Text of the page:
You may be experiencing some difficulties in life but you're certainly not stranded on Mars. And if you were, I don't think you would be as resourceful, ingenious or as cynical as Mark Watney. I most definitely wouldn't.
Learning that the author Andy Weir is a “Doctor Who” fan completely sold “The Martian” for me although I kept wondering, what could possibly happen on Mars that someone could write an entire book and, better yet, have Hollywood produce it starring Matt Damon. It was a burning curiosity and I could do one of two things: commit the ultimate crime and watch the movie before reading the book, or read the book. Of course, I began reading, and was disappointedly surprised.
I laboured through 42 Sols (a Martian day) and five chapters with Mark Watney, the sixth man to walk on Mars and the only one left behind after a storm causes him to be separated from his Ares 3 crew on Sol 6. It also destroys all his means of communication with the crew or Earth. “The Martian” is an account of Mark's life after his “death” on Mars and in the first sentence he is already swearing. Well anyone would be, being alone on Mars and all. But as always, after a short panicky period, Mark gets himself together, thinks of a survival strategy and explains how he actually survived the storm. He also explains all the astronaut, space and NASA terms and gives multiple science, mechanic and botany lessons along the way.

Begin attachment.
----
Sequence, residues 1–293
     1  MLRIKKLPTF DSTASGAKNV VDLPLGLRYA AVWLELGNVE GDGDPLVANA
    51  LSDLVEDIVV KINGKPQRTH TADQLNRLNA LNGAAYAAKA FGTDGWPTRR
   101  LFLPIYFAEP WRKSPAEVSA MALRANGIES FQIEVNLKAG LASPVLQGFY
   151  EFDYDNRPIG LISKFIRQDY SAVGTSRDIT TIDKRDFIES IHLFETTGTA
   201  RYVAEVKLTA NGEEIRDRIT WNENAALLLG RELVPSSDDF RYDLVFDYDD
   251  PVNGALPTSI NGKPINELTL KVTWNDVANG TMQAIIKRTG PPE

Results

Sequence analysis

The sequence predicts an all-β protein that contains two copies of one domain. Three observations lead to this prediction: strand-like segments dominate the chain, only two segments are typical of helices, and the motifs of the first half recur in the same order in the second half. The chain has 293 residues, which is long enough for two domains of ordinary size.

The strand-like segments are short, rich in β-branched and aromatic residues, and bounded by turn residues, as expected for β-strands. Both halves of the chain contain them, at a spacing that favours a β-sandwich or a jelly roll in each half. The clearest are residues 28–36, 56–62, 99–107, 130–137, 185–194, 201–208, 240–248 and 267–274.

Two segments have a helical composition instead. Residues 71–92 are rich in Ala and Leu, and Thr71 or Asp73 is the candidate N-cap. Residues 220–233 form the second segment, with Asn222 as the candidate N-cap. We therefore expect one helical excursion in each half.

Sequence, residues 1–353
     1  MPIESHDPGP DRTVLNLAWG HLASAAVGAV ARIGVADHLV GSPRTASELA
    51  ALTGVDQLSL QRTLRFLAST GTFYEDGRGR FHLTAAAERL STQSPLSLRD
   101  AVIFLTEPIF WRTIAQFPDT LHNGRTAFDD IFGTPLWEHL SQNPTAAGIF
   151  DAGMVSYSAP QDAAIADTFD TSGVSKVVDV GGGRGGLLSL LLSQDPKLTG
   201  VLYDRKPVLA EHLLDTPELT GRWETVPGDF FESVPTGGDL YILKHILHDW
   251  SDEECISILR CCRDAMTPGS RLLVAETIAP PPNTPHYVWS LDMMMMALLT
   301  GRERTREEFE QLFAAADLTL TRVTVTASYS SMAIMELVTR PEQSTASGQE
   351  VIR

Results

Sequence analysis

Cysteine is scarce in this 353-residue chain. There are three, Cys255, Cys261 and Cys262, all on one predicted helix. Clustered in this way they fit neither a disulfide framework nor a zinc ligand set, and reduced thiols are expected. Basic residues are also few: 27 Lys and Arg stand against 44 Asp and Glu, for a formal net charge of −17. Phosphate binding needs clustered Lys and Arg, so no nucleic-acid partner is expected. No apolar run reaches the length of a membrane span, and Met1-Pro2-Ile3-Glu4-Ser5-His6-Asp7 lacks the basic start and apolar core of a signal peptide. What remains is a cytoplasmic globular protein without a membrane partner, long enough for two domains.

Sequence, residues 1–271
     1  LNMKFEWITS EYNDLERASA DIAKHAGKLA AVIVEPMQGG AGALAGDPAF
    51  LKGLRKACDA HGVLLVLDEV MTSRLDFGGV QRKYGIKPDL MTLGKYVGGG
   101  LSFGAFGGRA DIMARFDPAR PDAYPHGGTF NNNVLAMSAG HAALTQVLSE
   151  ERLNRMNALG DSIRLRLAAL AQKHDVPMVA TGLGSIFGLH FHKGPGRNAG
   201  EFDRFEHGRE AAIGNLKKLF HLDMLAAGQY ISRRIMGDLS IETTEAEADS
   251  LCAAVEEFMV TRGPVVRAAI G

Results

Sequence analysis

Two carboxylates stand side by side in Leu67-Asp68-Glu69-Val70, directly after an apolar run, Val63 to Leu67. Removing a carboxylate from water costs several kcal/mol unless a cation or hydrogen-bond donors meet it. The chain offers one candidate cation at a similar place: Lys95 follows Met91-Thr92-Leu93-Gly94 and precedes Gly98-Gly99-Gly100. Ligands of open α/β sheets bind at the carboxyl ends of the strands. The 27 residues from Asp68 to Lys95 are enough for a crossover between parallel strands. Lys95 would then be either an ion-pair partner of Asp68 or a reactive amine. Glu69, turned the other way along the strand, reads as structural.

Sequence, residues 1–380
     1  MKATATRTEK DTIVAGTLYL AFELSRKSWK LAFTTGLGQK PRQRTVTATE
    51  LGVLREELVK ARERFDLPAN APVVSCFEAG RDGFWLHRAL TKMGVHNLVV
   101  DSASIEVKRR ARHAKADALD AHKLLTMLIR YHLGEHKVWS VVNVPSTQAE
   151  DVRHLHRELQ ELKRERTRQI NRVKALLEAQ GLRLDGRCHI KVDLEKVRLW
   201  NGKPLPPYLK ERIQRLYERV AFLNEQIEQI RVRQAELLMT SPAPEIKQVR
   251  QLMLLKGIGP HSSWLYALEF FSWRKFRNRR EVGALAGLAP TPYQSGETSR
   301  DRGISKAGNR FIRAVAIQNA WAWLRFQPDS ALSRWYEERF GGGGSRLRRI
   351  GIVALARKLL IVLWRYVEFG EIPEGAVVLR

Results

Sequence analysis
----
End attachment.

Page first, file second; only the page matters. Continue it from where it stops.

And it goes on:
After he makes a comfortable home for himself in the Hab (a temporary, oxygenated living space filled with supplies, that's sent to Mars before the mission crew arrives), Mark calculates how many supplies he has and realises he will not have enough food to last until the next mission, Ares 4, arrives. Ares 4 is his only chance of survival and getting off Mars. Again, he comes up with a plan, using his botany training: he begins to plant food inside the Hab.
That was about all Mark was trying to do, until Sol 42 when I almost gave up on the book. Then Andy Weir completely switched the mood of the novel to the point where I was letting out audible 'oohs', 'ahhs' and gasps. NASA finds out Watney is alive! Although they cannot communicate with him, the whole world is watching Mark's brilliant plan of survival and they continue to watch as he travels in his DIY space mobile to the leftovers of an old Mars mission. Using it, Mark finds a way to contact NASA and is finally able to communicate with Earth.
The book keeps getting better with the flip of every page. Life becomes good on Mars: Mark's crops grow beautifully, he gets a lovely letter from his mother and one from the president, the chance of survival is plausible, and NASA finally lets the Ares 3 crew know he's alive. But then another storm hits. Even more of Mark's equipment is damaged and his life is threatened in a whole new way. Smack in the middle of the book!
That's as far as I've read. I'm really anxious to find out what happens, and I hope you are too. Follow up on this review next week or, better still, grab yourself a copy from The bookYard to find out if Mark survives.